Ansible RabbitMQ Playbooks

I am working on an AMQP Message Broker service architecture, using RabbitMQ, at work right now. As part of the design work, I have spent a bit of time in my vSphere lab standing up the cluster to work out all the configuration, RBAC, policies and other various settings that will be required by the solution. If you haven’t been able to tell lately, my automation tool of choice is Ansible for all the things — I just cannot get enough of it!

Once again, Ansible did not let me down and provides a set of built-in modules for managing RabbitMQ. I found several examples of using the modules to configure a RabbitMQ node and based the work I’ve done off of those. The reason I wrote my own, rather than just git cloning someone else’s work was so that I can write the playbooks (and eventually roles) based on the service architecture specifications I am documenting for the work project.

I have created a new project space on GitHub to host the RabbitMQ playbooks and you are welcome to clone or fork the code based on your needs.

There are currently two playbooks — one for deploying an Ubuntu template into a vSphere environment, one for installing and configuring RabbitMQ on the deployed nodes. I kept the two playbooks separate so that if you want to use install RabbitMQ on a bare-metal or AWS environment, the second playbook can be used as a standalone. If you are choosing to install RabbitMQ in a vSphere environment, the create_vms.yml playbook can be used.

The rabbitmq.yml Ansible playbook will read in a set of environment variables from rabbitmq-vars.yml and then go through the installation steps. I use official repositories for all of the RabbitMQ and Erlang packages.

Note: If you are not using the 16.04 Xenial release, you can change the playbook to use the distribution of Ubuntu you are using inside your environment. I have been sticking with Ubuntu 16.04 LTS mostly because the open-vm-tools package fully support dynamic configuration of the network interfaces through Ansible. If/when 17.10 or 18.04 fully support this configuration through Ansible, I will upgrade my template.

The first part of the playbook adds the official repositories for RabbitMQ and Erlang, then performs the installation of the RabbitMQ package on the hosts.

The next part is a good example of how to use the built-in RabbitMQ modules Ansible includes as part of the core distribution. The playbook starts the plugins needed for RabbitMQ, adds a new administrator user and removes the default RabbitMQ user.

As I finalize the AMQP Message Broker service architecture, the Ansible playbooks will more fully represent the specifications within the documentation. I hope to publicize the service architecture when it is complete in the coming week.

Enjoy!

Backup vCenter and NSX to AWS S3

As I go deeper into the Ansible rabbit-hole, I am beginning to look for ways to manage upgrade operations through Ansible playbooks. As part of that journey, I wanted to begin backing up my VCSA and NSX-v VM appliances using their built-in methods prior to executing playbooks to perform the upgrades. Both appliances allow FTP, SFTP or SCP connections through their management interfaces for backing up the configuration data — all that is needed is an endpoint.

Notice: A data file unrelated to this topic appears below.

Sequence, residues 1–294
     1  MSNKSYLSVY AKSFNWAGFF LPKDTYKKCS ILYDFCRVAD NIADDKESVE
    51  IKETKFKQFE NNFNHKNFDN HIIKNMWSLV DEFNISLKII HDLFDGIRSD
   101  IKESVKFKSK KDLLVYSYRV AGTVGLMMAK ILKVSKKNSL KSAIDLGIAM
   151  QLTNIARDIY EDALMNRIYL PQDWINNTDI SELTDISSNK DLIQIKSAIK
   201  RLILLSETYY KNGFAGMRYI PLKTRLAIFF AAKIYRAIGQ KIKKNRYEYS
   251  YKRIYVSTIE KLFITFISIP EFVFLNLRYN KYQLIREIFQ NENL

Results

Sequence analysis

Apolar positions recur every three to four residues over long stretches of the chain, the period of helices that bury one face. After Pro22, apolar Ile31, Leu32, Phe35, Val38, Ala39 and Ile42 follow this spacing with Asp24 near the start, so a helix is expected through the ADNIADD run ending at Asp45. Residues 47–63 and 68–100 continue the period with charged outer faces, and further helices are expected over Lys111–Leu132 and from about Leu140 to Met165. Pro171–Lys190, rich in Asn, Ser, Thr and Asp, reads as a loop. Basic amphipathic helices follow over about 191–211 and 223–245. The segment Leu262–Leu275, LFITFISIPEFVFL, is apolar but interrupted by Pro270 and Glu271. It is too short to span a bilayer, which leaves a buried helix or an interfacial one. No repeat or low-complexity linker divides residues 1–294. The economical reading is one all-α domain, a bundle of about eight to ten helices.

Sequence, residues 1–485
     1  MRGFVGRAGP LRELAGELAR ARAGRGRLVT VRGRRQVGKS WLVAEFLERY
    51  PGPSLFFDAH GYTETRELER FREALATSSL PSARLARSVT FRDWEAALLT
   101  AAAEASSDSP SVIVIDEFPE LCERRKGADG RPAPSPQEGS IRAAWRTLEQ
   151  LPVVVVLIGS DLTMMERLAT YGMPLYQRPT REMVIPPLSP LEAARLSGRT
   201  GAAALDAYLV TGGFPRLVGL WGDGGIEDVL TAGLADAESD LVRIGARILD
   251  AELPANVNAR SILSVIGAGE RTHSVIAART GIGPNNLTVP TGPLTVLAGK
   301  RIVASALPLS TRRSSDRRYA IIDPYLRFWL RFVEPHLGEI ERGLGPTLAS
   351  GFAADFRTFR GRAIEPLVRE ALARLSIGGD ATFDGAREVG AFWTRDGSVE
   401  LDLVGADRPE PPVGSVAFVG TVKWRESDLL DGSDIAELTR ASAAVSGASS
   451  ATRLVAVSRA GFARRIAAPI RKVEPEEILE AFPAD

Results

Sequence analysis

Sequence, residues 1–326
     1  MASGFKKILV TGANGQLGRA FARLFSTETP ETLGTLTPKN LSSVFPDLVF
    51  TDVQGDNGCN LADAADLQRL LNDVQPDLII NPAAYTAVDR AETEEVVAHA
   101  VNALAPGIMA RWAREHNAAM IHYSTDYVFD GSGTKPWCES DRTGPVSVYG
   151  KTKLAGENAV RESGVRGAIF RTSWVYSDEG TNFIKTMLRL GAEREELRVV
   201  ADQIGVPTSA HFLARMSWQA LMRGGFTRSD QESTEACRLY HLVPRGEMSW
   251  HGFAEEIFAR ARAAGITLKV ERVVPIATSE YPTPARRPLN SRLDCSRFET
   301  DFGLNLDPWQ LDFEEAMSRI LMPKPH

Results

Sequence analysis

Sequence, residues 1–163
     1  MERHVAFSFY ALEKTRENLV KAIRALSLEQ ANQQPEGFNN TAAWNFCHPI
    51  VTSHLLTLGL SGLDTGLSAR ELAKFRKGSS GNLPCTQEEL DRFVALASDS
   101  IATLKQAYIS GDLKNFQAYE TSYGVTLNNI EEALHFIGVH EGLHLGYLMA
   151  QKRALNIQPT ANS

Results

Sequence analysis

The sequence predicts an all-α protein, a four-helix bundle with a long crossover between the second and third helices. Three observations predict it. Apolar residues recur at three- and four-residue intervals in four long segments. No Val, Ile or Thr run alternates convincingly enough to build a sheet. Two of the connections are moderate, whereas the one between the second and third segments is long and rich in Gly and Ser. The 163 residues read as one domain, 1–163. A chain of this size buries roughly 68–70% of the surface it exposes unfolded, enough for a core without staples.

I wondered if it would be possible to backup these items to S3 using my AWS account. A quick search through my AWS portal showed me that I could use the AWS Storage Gateway, setup a S3 bucket for backups and mount the partition on a Linux VM for the vSphere appliances to use as an endpoint. With minimal effort, I was able to configure both appliances to backup to the local Linux VM and see that data replicated into S3 in a matter of minutes.

Fortunately, AWS has outstanding documentation for deploying the Storage Gateway within a vSphere environment (here). Once the Storage Gateway is deployed, the S3 bucket is created and the file share is created you can mount it on a Linux VM.

linux-vm$ mount -t nfs -o nolock 10.180.138.20:/usa1-2-lab-backups /opt
linux-vm$ mkdir -p /opt/vcsa
linux-vm$ mkdir -p /opt/nsxv

I created a separate backup location on the NFS mount point to the Storage Gateway — one for the VCSA and one for the NSX-v. At this point, it just a matter of configuring the two appliances to use the endpoint.

For the VCSA, log into port 5480 over HTTPS and select the Backup option on the left-hand menu.

The above screenshot shows how to configure the backup schedule and then you can perform a backup job using those details manually.

Similiary, the NSX-v Manager has a Backup and Restore are inside its management interface where you can configure the endpoint. NSX-v only supports FTP or SFTP today, but using SFTP I was able to use the endpoint.

Once the backup location is configured, you can execute a backup job through the admin interface.

From there it was just a matter of verifying the data was being sent and replicated to the S3 bucket I created in AWS.

That is all there is to it! Backups of the appliance data to an AWS S3 bucket using the Storage Gateway is nice and easy. Now I can begin working on the Ansible playbooks to upgrade the VCSA through the API, knowing the data is backed up to the cloud!

Enjoy!